Oil: from bad to worse but what’s next?
Even before the pandemic, oil showed signs of stress. This was partly due to an unusually warm winter in the US and Europe, which reduced demand, combined with increasingly plentiful supply. But few could have predicted what was to follow.
The lockdown measures used to curb the spread of the coronavirus meant demand for oil plummeted at an unprecedented rate. However, this drop in demand was met with an increase rather than a decrease in oil supply, led by Saudi Arabia.
The result: way too much oil, little demand and not enough places to store it – a toxic combination meaning owners of certain types of oil have had to pay to get rid of it and this has led to the most unusual situation of negative prices.
To put this in perspective, during the 2008 global financial crisis – the worst economic downturn since the Great Depression – oil demand dropped 5.6%. Aberdeen Standard Investments now forecast (and these are optimistic estimates) that oil demand could drop by 16% in the second quarter of 2020; roughly three times the drop seen during the global financial crisis.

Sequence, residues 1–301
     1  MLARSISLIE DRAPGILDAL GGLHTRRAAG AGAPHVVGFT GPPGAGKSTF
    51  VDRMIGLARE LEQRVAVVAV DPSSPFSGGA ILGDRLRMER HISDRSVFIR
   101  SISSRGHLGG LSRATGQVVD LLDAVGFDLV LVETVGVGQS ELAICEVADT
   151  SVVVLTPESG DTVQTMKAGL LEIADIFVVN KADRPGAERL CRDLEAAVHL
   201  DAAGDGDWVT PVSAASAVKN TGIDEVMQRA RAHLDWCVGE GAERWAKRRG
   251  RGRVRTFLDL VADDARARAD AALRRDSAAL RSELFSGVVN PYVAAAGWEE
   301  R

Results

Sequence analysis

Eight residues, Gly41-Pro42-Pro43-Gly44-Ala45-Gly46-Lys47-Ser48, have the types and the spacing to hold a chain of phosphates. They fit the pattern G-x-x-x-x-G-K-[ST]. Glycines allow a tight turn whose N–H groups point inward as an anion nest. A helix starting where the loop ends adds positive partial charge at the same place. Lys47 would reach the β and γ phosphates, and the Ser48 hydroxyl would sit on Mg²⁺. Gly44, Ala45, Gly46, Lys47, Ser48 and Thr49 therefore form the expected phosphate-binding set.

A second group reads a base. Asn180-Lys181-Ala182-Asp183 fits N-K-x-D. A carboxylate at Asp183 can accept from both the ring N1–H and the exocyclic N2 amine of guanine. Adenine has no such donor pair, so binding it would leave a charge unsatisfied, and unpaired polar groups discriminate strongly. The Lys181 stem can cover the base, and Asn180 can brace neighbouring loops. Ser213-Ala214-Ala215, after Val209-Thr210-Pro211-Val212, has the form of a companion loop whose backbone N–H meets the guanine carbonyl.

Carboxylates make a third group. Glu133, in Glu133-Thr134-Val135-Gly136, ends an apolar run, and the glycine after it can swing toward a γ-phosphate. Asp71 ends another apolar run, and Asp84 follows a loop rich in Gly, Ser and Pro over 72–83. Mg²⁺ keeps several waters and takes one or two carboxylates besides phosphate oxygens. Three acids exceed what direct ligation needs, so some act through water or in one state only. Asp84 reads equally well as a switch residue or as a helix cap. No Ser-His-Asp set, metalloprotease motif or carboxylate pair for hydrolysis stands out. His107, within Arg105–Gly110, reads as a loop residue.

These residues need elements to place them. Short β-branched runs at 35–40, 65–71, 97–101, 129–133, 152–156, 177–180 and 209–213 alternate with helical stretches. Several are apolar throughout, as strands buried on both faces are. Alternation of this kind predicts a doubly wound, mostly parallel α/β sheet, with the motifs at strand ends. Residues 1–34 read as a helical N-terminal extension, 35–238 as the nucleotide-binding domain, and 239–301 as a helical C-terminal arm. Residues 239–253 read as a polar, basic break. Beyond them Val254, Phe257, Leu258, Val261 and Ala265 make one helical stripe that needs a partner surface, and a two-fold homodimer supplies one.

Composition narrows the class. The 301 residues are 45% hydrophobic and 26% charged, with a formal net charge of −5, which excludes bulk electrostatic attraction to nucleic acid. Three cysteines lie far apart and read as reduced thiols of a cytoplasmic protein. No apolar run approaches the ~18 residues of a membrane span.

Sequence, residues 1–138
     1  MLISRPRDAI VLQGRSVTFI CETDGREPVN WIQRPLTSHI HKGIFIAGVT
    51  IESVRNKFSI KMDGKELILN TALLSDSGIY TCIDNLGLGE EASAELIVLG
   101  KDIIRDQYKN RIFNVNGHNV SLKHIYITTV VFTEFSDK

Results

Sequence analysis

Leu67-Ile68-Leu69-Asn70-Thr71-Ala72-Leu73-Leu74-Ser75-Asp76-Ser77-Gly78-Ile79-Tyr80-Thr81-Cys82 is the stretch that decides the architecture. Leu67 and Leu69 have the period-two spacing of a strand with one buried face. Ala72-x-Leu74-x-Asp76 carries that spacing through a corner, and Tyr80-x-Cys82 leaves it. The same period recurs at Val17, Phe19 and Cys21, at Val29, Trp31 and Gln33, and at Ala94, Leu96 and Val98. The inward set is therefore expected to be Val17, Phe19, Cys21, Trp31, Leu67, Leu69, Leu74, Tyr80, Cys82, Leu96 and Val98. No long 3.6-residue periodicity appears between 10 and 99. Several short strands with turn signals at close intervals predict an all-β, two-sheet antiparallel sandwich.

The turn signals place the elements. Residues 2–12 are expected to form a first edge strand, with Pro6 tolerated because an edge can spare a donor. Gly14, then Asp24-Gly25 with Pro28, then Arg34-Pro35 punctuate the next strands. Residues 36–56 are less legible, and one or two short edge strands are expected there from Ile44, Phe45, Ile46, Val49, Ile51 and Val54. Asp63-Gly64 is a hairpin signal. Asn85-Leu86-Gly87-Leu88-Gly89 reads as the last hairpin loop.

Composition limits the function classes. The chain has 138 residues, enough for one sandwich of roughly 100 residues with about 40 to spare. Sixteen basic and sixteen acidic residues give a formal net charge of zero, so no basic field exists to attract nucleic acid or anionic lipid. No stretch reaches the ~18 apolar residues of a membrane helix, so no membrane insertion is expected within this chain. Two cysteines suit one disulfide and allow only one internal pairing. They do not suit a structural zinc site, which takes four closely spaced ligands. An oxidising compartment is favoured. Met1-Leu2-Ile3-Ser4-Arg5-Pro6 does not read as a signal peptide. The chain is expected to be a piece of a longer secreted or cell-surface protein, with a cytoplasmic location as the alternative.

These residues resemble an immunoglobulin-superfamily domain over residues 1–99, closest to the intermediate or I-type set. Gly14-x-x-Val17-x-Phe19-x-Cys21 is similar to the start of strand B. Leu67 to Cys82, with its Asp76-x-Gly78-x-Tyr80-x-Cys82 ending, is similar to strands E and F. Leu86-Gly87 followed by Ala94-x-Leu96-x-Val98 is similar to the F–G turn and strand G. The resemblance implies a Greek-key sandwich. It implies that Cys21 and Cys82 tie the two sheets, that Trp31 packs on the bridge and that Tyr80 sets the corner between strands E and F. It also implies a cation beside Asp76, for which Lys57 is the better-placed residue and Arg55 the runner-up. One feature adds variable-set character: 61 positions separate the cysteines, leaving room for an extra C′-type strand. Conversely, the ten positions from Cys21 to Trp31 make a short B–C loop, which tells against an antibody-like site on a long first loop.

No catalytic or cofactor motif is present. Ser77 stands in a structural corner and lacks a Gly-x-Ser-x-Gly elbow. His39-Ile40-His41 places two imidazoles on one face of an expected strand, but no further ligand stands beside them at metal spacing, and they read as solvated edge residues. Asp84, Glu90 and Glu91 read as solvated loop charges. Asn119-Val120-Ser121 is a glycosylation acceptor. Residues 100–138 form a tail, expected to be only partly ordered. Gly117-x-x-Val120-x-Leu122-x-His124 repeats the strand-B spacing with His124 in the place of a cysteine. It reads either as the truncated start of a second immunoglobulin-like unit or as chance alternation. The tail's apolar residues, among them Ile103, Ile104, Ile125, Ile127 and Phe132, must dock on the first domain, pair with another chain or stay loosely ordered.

So what could this mean going forward?
Society may be fuelled by very different priorities
The oil price will be determined by the length of the lockdown and, related to this, how quickly oil demand declines. But we shouldn’t expect demand to return to previous levels. Much of the world has realised the benefits of home-working, of a less expensive, commute-free life that allows more time with family. Equally, employers have been forced to improve their remote capabilities and are becoming more comfortable with it.
On the flipside, I suspect that we’re too early to predict the demise of the internal combustion engine. And paradoxically, a lower oil price means it’s more difficult to make the case for fuel-efficient alternatives that may now look relatively expensive.
Only the big and strong will survive
Looking at supply, a coordinated cut is likely to be too small to offset such a precipitous drop in demand, so it’s likely to be the producers with the highest production costs which will be forced to cut first. These cuts would fall hardest on producers in Canada, followed by those in South America, then the US and Asia, and then some specific producers in OPEC countries.